Tuesday, December 13, 2016

My Kid Is Smart, But He's Not a Genius


As moms, we can see our kids in that sweet-pea-apple-of-my-eye sort if way. So much so that we can tend to see them through rose-colored lenses, exaggerating their strengths and talents so much that we may be doing them a disservice. (Or just flat out lying on Facebook.)

Lately, I have been so proud of my boy. He was placed in the highest reading group in kindergarten and since getting his glasses has jumped 5 units immediately and then a unit a day thereafter.

 I am so proud - he is a fantastic reader. I have been so proud that I took to social media to brag about him. Now, what I said was true and I am very proud, but here's the thing - he's still 5, he's still a kindergartener, and he's still learning. He is smart but he's not a genius. 

After my post a friend suggested getting him tested for a gifted/honors program at school. I asked his teacher about it and she said:

"Well, the deadline for testing has passed already..."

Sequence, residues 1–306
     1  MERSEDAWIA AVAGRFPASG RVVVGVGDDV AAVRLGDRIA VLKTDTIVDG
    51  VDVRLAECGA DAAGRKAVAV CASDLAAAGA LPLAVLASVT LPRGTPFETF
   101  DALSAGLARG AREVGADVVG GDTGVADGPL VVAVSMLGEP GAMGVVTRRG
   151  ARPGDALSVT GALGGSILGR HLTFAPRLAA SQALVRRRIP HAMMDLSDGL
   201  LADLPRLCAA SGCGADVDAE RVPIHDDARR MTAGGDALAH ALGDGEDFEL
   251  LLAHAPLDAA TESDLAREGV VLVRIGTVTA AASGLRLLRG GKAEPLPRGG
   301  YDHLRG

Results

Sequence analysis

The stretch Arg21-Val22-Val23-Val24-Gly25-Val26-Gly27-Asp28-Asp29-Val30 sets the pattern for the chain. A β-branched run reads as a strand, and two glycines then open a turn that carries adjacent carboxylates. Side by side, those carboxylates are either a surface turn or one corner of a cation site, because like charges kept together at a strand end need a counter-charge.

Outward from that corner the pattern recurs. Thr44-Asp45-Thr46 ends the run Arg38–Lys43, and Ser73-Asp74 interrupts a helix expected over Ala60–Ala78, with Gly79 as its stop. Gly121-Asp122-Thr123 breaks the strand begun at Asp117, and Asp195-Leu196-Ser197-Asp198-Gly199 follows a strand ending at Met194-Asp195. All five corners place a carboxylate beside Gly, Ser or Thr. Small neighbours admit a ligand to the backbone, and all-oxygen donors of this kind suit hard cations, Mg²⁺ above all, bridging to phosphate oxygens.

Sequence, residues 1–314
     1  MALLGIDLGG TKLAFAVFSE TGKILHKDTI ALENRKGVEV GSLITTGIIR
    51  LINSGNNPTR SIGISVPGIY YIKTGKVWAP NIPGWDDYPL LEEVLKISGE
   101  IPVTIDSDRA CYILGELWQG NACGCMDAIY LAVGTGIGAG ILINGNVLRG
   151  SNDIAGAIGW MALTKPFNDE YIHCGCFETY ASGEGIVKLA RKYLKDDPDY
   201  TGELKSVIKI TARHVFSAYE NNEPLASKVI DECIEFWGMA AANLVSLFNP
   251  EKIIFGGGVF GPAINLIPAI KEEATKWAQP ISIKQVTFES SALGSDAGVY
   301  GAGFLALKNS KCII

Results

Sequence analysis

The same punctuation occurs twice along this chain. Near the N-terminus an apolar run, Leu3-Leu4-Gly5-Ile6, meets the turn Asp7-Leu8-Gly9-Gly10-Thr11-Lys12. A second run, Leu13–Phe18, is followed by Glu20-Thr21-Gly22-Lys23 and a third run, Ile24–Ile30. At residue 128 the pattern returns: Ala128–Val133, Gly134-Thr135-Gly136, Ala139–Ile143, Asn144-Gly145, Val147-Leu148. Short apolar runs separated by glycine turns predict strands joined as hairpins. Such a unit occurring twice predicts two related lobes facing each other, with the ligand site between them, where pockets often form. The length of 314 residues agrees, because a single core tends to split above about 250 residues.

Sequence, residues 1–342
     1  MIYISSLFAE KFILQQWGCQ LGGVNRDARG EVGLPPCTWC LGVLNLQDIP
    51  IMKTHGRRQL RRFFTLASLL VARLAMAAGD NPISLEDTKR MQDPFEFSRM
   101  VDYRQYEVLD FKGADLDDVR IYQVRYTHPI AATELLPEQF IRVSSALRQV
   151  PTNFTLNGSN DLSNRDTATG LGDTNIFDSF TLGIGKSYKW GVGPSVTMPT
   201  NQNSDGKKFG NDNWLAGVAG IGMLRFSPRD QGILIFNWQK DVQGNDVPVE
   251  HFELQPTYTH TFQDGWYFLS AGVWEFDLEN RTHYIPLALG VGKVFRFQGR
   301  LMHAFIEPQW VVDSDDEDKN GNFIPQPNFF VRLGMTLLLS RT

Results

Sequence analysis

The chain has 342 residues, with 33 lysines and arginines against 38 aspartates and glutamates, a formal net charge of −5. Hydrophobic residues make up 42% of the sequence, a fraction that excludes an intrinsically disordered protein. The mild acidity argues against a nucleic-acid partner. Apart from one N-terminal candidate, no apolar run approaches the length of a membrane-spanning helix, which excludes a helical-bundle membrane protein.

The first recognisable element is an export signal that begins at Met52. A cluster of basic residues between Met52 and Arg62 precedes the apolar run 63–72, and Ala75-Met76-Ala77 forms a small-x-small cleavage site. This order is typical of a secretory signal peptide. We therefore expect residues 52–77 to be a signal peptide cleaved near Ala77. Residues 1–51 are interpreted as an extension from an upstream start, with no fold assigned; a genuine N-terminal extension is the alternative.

And then, bless her sweet soul:

"But that program isn't just for reading, it's for all around academics and problem solving."

I had to laugh at myself! It was as if she was saying, "He's a high reader but he's not a genius. Pump the breaks, lady." 

This is why (Well, one of the reasons) I'm so thankful for teachers. They see our kids as just that...KIDS. Not the center of the universe. Since he's my first born, it's easier for me to get wrapped up in thinking he's smarter than he is.

Isaiah's teacher has been so great for him, she has gone above and beyond to work with him and the other students in class. As a classroom volunteer I have seen the strides each kid has made in a matter of months. 

And while every accomplishment they make and every goal that's met should be celebrated, it also should be expected. Why? because we're raising these little humans to one day be big humans and that is simply how the world works. There are things exoected out of you. You don't get a cookie for every good deed or work assignment you complete. 

So if you're proud of them, be proud. Brag a little. But be realistic. If your child is successful at their grade level, be proud. Don't exaggerate. And, for goodness sake, don't overly celebrate what is expected of them.

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